Determinants for dimer formation
For the study reported herein, the loop sequences of ELG and the secondary structure sequences of BLG were combined to create the chimeric LG, Gyuba. The Gyuba structure was characterized by X-ray crystallography, CD spectroscopy, gel filtration chromatography, and analytical ultracentrifugation, all of which indicated that Gyuba dimerized in a manner similar to that of BLG. Specifically, the RMSDs for the Cαs of residues between 5–60 and 67–152 (including those of the I-strand) of Gyuba and the different crystal structures of BLG are similar (Table II). Although the loops of Gyuba contain 30 residues that differ from those found in BLG, the substitutions seem to have very little effect on its secondary structure. On the other hand, the ability of Gyuba to dimerize was achieved by altering the ELG sequence at 40 positions. Because LPI is monomeric,21 it is apparent that, of those 40 residues, the nine substitutions surrounding the I-strand were not sufficient for dimerization. The residues responsible for dimer formation reside instead in the 31 residues of the other secondary structures. Although a high-resolution structure of ELG is unavailable, our observations suggest that at least some of the 31 substitutions change the overall arrangement of the secondary structures in ELG, thereby inhibiting dimerization. Recently, the importance of incorporation of water molecules and increase of flexibility (entropic contribution) for dimer formation of BLG was suggested from thermodynamic and structural studies.26, 27 The 31 differences between ELG and BLG amino acid sequences may also affect hydration or dynamic properties of the molecules.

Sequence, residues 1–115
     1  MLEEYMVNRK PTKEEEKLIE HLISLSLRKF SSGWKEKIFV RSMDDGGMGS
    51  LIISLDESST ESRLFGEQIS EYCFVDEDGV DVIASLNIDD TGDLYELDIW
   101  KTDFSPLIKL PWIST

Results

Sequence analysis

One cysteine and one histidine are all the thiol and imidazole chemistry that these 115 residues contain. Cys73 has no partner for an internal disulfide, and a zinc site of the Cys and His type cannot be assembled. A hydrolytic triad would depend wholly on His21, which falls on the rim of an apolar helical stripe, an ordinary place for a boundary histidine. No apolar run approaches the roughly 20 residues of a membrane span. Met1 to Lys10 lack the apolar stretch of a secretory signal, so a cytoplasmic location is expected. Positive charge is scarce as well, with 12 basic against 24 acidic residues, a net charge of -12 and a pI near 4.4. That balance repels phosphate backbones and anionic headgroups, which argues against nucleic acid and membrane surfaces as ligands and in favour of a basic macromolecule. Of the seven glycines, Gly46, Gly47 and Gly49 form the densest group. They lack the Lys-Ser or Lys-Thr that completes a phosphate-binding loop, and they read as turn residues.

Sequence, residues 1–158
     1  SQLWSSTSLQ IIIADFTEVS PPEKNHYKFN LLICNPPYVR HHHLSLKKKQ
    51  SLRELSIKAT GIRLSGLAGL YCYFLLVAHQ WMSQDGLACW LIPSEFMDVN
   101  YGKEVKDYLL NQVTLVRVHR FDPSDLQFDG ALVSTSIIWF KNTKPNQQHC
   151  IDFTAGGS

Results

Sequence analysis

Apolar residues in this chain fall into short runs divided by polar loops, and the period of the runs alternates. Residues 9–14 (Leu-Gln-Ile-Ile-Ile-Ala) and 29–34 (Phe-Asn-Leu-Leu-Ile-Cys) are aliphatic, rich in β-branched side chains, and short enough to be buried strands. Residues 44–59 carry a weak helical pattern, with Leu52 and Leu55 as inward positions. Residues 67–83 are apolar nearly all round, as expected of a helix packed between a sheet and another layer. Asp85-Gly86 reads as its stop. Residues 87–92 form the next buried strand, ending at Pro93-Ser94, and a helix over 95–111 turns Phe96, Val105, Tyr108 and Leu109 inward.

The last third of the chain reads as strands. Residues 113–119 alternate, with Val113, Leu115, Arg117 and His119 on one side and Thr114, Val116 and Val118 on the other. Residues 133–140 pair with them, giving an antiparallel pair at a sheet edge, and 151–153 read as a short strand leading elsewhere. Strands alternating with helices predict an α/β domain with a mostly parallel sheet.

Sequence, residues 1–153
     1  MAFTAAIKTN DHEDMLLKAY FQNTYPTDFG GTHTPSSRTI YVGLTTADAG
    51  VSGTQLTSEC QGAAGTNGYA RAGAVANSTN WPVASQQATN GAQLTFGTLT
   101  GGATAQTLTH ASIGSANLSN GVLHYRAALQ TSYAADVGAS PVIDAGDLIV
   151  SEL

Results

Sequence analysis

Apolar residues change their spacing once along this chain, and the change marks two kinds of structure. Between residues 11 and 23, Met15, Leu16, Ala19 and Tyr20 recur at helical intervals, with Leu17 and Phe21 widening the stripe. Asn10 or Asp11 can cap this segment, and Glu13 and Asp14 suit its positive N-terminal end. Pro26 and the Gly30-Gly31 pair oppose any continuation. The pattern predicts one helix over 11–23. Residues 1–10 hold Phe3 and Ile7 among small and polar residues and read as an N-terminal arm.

Stability of Gyuba
Although both Gyuba and BLG dimerize, the stability of Gyuba is substantially less than that of BLG and ELG (Fig. 6). Acid denaturation was common to both Gyuba and ELG and was not observed for BLG. Generally, the pH-dependent change in protein stability can be explained by differences in the pKa values of the native and denatured states28 and may be associated with an Asp or Glu carboxyl in the ELG sequence (Asp9, Glu14, Glu34, Glu77, Glu81, and/or Asp88) that has an abnormally low pKa in the native structure. We predicted the pKa values of these residues using the Gyuba crystal structure and PROPKA 3.0,29 but we found them to be within the expected range for Asp and Glu, that is, 3.96–5.44. Thus, we could not identify a residue(s) responsible for acid-induced denaturation.